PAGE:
Annual crops remain in the ground for only part of the year, leaving the soil exposed between crop plantings. The exposed topsoil is liable to runoff during rains, contributing to the erosion of croplands. With perennial crops, the soil is never left exposed to the elements. With deep roots, perennial crops prevent top soil from washing away, lessening the need for nitrogen fertilizer and reducing the amount of farm chemicals that pollute rivers and streams.
In high quality farmland, soils have a low to moderate risk of degradation under annual grain production, but this represents only about 12% of farmland worldwide. In marginal quality farmland, which represents about 33% of global land area and supports more than 50% of the world population, annual grain crops put soil at a high risk of degradation.
Do not require annual cultivation
The annual chore of ploughing under the stubble of previous crops and planting new seed is not necessary with perennial crops, which saves energy and labor costs for grain producers.
Reduce the need for pesticides and herbicides
When the soil is left exposed between crop rotations of annual grains, weeds are able to gain a foothold in the empty land. These weeds need to be controlled or eliminated with chemical treatments before planting successive annual crops. Healthy stands of perennial grains block weeds from becoming established by denying sunlight and ground space to weed seeds. Perennial crops save farmers the expense of buying and applying pesticides and herbicides, and reduce the impact of these chemicals on local watersheds.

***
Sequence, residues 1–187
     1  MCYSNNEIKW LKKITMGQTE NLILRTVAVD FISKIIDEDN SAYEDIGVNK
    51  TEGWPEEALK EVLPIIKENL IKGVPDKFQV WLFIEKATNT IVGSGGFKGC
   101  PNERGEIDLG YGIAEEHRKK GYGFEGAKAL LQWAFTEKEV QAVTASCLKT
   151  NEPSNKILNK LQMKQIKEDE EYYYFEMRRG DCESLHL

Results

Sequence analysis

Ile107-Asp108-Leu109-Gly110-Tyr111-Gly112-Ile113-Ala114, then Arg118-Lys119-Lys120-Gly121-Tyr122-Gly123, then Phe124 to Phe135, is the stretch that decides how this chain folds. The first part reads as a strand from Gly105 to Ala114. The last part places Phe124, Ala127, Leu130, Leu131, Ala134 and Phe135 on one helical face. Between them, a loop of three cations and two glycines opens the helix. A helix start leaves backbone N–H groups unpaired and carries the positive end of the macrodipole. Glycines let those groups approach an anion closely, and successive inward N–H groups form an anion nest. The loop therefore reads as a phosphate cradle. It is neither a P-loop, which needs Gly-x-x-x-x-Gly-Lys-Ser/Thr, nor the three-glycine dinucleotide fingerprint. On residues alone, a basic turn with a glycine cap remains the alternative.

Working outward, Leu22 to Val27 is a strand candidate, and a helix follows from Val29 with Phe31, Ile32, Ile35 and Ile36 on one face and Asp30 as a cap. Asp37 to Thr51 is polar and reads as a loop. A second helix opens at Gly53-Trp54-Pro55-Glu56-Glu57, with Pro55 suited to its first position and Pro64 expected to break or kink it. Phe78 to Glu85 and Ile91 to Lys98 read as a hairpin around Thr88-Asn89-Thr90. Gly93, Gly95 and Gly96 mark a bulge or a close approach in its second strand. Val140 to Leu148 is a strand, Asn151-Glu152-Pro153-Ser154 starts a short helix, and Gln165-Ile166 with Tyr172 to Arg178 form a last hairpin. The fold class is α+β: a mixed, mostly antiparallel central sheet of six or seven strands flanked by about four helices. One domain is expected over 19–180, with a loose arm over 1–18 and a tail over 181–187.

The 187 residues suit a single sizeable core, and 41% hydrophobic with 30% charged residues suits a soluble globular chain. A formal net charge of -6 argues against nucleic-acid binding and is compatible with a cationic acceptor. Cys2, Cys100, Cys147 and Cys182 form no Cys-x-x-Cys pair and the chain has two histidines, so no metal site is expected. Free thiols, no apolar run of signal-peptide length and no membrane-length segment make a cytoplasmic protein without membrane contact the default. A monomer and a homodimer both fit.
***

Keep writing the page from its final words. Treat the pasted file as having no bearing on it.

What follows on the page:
Obstacles to the Development of Perennial Crops
Perennial grains have developed over millennia with strong traits which direct much of the plant’s energy into root development. Engineering perennial grains to produce large seeds, while retaining strong root growth, is a big challenge to agricultural scientists. The development of high yield perennials requires hybridization, genetic research and generations of successive plantings.
Earlier attempts to perennialize grain crops have fallen short of expectations, in part because the measure for success was the yield comparison of perennials versus annuals, without taking into consideration the environmental benefits of perennial cultivation. But even taking these benefits into consideration, yields from perennial crops need to be boosted to the approximate level of annual crops before producers can be expected to forego lucrative yields from annual crops and switch to planting perennial crops.